1 Item No items selected
The Ruined Arch in Kew Gardens
Private Collection, England / Photograph by John Hammond
Richard Wilson (1713/14-1782)
The Ruined Arch in Kew Gardens
c.1760-62 (undated)
Oil on canvas
47 x 72.7 cm
18 1/2 x 28 5/8 in.
Private Collection, England
BB18
P108
A road, between banks covered with trees and bushes, leads through a ruined archway in the Roman style. Beyond to the left are cypresses and a cedar. An artist can be seen drawing lower left.
SA 1762 (130); Brighton 1920 (22 - Villa Borghese); London 1925 (33 - Villa Borghese); Manchester 1925 (30); London 1934 (178 - Villa Borghese, Rome); Amsterdam 1936 (176); Exeter 1946 (64 - Villa Borghese, Rome); Birmingham 1948-49 (24); London 1949 (23); Paris 1953 (94); Montreal, Ottawa, Toronto and Toledo 1957, British Painting in the Eighteenth Century (76); on loan to Kenwood, 1959-60; London 1968 (6); London 1973-74 (35); Munich 1979-80 (56); London, Cardiff and New Haven, 1982-83 (97); London 1996-97 (232); Conwy 2009 (15); Weston 2011 (17); Tercentenary 2014 (76)
Stated by Benjamin Booth to have been offered by the painter through Sir William Chambers to George III but refused; Benjamin Booth; the Revd R. S. Booth; Lady (Marianne) Ford; Richard Ford; Sir Francis Clare Ford; Captain Richard Ford; Sir Brinsley Ford; thence by descent
Unsigned; no inscription
The sky at the left and the umbrella pine are unusually cursory in technique
Kew Gardens lie on the opposite side of the Thames from Syon House. Kew Park was enlarged and embellished by Augusta, Dowager Princess of Wales from 1759, when the arch was built 'to make a passage for carriages and cattle, over one of the principal walks of the garden' [and] 'to imitate antiquity'. (W. Chambers, 'A Description of the Palace and Gardens at Kew, the seat of the Princess Dowager of Wales', Royal Magazine, September 1763, p. 154).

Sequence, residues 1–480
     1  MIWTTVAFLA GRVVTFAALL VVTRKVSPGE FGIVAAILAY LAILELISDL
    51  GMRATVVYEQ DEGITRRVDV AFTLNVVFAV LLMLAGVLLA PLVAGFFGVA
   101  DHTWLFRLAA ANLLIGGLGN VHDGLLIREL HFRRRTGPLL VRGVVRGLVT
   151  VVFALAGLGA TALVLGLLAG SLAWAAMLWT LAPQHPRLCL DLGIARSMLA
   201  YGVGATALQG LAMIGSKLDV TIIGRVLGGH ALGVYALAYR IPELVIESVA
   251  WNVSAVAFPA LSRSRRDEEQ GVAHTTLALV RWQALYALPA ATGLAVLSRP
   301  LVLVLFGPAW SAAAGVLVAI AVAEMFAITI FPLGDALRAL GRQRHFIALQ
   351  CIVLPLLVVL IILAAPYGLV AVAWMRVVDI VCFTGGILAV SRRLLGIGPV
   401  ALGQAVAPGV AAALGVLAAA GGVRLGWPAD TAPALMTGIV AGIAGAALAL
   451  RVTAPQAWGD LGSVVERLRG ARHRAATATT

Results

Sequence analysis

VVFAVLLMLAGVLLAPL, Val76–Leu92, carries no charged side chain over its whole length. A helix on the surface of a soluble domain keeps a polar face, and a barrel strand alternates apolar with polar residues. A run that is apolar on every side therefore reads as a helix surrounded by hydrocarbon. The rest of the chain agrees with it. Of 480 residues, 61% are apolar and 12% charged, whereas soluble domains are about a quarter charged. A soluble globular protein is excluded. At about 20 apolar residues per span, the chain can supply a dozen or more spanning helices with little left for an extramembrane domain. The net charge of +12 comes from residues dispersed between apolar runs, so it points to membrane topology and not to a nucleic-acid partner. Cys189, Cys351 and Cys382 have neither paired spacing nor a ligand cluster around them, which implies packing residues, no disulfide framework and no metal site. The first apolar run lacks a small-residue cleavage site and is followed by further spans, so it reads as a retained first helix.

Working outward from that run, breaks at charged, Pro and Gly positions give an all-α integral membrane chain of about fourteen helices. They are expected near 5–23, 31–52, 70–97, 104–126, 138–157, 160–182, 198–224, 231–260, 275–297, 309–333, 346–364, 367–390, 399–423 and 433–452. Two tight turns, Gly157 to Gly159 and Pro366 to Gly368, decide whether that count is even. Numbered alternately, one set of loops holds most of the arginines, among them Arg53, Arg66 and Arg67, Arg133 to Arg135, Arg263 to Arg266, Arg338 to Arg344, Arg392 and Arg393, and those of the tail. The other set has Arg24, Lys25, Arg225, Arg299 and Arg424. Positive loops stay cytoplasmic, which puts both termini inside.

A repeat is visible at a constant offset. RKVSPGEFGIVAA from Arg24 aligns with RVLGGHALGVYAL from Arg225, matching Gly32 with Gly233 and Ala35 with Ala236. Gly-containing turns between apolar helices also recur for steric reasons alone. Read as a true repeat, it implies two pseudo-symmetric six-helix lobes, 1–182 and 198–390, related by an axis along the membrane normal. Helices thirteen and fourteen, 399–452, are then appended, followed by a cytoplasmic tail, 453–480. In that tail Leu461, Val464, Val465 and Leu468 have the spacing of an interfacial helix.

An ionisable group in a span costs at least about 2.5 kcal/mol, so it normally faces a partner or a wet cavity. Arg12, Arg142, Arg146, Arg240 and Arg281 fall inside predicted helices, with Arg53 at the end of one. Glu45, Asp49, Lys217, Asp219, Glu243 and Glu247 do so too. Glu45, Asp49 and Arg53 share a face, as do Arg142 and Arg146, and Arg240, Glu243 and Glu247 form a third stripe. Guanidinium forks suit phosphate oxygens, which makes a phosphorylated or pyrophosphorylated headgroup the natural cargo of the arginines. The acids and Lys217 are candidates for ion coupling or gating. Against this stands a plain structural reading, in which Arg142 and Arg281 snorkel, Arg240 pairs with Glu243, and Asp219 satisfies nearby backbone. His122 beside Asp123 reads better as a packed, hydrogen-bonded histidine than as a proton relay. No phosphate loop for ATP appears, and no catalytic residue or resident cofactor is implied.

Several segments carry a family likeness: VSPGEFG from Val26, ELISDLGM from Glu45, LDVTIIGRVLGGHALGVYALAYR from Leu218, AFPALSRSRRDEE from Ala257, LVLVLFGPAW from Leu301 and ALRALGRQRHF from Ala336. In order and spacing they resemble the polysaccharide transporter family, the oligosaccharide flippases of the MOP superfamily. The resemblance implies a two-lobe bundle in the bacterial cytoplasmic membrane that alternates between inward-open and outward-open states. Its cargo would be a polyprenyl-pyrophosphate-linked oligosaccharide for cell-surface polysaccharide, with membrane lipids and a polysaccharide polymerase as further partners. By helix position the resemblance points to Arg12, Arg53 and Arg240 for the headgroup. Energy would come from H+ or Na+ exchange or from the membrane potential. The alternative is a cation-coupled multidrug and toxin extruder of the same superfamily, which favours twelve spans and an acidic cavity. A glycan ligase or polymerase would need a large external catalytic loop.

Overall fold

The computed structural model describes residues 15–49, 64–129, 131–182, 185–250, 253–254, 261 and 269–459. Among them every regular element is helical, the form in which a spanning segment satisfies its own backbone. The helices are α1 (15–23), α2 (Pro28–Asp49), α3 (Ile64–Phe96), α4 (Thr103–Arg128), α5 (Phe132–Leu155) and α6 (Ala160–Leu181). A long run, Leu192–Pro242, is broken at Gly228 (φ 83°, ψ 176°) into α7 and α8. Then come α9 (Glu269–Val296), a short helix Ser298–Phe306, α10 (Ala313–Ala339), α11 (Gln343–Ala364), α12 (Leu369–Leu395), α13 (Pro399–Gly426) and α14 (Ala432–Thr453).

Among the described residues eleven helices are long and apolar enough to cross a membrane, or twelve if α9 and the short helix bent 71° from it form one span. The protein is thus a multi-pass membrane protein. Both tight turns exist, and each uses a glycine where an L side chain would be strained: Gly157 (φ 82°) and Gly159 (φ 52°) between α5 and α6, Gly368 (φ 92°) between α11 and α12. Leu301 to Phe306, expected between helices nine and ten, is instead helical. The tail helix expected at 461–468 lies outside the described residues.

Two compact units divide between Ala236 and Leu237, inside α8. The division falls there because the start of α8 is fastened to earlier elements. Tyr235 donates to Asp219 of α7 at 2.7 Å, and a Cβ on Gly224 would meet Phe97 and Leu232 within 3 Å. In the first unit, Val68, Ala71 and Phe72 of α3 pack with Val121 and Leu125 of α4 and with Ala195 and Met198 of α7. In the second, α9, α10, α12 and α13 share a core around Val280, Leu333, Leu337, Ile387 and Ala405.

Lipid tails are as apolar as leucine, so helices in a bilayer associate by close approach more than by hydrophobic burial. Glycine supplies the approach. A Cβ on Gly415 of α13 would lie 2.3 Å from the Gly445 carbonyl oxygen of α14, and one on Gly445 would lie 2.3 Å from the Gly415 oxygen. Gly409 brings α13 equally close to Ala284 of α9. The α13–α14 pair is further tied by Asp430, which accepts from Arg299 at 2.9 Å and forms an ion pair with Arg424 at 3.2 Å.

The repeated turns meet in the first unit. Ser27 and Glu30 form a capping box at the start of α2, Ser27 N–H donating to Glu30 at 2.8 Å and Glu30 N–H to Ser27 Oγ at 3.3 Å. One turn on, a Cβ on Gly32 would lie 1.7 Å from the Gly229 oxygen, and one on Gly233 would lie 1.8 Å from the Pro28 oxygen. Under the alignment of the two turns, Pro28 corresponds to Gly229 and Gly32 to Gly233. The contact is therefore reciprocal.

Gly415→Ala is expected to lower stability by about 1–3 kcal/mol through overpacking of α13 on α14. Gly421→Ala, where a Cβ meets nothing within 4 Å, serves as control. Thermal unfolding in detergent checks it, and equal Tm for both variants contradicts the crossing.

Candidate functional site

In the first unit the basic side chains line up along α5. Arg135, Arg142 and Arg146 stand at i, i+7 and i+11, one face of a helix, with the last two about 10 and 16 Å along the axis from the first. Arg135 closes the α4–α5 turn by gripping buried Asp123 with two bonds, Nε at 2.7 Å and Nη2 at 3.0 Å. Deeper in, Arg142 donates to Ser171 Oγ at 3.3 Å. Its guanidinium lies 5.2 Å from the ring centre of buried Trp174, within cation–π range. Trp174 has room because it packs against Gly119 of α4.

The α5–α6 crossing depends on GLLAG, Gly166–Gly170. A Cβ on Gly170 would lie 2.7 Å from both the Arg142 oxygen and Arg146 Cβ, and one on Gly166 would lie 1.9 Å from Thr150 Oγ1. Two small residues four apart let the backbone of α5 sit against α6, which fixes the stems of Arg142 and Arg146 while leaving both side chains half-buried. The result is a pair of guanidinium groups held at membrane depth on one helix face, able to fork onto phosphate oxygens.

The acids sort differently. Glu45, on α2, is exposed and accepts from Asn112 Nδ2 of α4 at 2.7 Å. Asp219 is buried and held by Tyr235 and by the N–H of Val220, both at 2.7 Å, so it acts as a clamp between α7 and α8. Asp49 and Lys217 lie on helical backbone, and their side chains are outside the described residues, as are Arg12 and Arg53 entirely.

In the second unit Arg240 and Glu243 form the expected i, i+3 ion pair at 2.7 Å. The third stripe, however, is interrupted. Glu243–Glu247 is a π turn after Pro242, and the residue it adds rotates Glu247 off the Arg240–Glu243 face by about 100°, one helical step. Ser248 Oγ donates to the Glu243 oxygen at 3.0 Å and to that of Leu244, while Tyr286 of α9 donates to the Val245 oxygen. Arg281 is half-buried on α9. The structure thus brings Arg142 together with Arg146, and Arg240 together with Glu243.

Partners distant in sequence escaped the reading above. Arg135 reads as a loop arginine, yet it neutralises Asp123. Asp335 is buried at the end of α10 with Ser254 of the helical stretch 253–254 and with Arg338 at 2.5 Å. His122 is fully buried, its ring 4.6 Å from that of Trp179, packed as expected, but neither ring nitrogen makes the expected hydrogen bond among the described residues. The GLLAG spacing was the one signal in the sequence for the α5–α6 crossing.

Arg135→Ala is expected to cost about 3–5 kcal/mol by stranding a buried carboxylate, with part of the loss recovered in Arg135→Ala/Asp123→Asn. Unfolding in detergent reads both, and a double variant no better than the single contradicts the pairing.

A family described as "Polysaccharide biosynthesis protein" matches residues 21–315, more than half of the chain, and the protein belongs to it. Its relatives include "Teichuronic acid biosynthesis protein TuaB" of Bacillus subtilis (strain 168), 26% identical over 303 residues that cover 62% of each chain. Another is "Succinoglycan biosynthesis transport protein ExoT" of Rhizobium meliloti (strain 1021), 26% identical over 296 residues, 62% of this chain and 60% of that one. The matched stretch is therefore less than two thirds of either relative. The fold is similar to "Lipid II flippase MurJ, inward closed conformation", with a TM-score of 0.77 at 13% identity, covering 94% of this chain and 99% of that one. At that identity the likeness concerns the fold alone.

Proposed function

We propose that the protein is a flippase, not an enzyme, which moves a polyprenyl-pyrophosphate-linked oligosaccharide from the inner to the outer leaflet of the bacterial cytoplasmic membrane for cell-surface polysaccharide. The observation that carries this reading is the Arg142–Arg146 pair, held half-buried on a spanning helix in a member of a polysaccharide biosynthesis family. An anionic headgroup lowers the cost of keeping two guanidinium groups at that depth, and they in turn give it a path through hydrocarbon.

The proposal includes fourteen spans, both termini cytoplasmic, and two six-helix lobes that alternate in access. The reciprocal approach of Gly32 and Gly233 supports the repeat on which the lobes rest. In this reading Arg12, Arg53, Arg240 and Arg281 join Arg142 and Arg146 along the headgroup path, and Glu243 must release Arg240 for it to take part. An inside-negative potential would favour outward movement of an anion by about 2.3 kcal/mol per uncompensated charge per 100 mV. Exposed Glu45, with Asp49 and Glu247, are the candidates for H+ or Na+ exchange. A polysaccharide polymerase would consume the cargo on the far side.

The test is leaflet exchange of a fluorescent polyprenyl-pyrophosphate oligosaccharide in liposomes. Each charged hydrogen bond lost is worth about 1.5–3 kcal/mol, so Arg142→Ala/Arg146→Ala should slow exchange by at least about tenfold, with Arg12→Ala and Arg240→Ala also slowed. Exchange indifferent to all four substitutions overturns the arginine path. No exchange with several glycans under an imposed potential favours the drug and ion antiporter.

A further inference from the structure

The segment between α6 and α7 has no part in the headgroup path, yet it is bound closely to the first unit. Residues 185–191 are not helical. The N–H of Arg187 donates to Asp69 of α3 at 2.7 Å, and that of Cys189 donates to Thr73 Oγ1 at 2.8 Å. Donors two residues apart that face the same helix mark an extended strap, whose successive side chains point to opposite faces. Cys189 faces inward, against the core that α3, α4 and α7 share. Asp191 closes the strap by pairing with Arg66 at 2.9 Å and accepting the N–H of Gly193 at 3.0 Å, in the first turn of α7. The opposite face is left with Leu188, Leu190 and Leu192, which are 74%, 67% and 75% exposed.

D357 A Ruin, Arch at Kew Gardens, Glynn Vivian Art Gallery, Swansea
D357/1 The Ruined Arch in Kew Gardens (recto), Ashmolean Museum, University of Oxford
D357/2 Sketch of an Urn (verso), Ashmolean Museum, University of Oxford
E72/17 Thomas Hastings after Wilson,Villa Borghese, The British Museum (1854,0708.74) and other impressions
See 'Links' tab
Pendant P109 The Pagoda and Palladian Bridge in Kew Gardens, Yale Center for British Art, Paul Mellon Collection
The classical reference of the ruined arch is reinforced by the Mediterranean trees and the brilliant lighting. The supposed ancient significance of the building is emphasised by the figure of the artist drawing at the left. This painting and P109 (see 'Related Paintings'), similar in size and both depicting Kew subjects, are likely to have been the two works said to have been offered to George III by Wilson but refused. Wilson's connections with Kew also involved decorating the ceiling of the Mosque, now lost, with a 'brilliant sunny sky' (J. Harris). From the early 19th century until 1949 P108 was thought to represent a site in the grounds of the Villa Borghese, Rome, and indeed, Wilson has made the setting more Italianate than in reality by introducing a cedar and changing the poplars into cypresses. Like the Palladian bridge in P109 the ruined arch was designed by William Chambers to reflect the current fashion for antiquities.
Sir William Chambers, Plans, elevations, sections, and perspective views of the gardens and buildings at Kew in Surry, London 1763, p. 154; Booth Notes Doc. 9 (36); H.D. Roberts, 'The Ford Collection of Works by Richard Wilson,' Connoisseur, LVII, May 1920, p. 28, repr.; Commemorative Catalogue 1934 (110 - Villa Borghese, Rome, pl. XXXVIII); Cooper 1948 2, pp. 346-48, fig. 12; WGC, pp. 49, 72, 88, 178-79, pl. 41a; Solkin, 1982, pp. 209-10; J. Harris and M. Snodin, eds, Sir William Chambers, Architect to George III, exh. cat., 1997, pp. 55-67, fig. 93; Walpole Society 1998- I, p. 16, BB18, pl. 15; Lord 2009, p. 55; Williams 2011, p. 28; Wilson and Europe 2014, pp. 262-63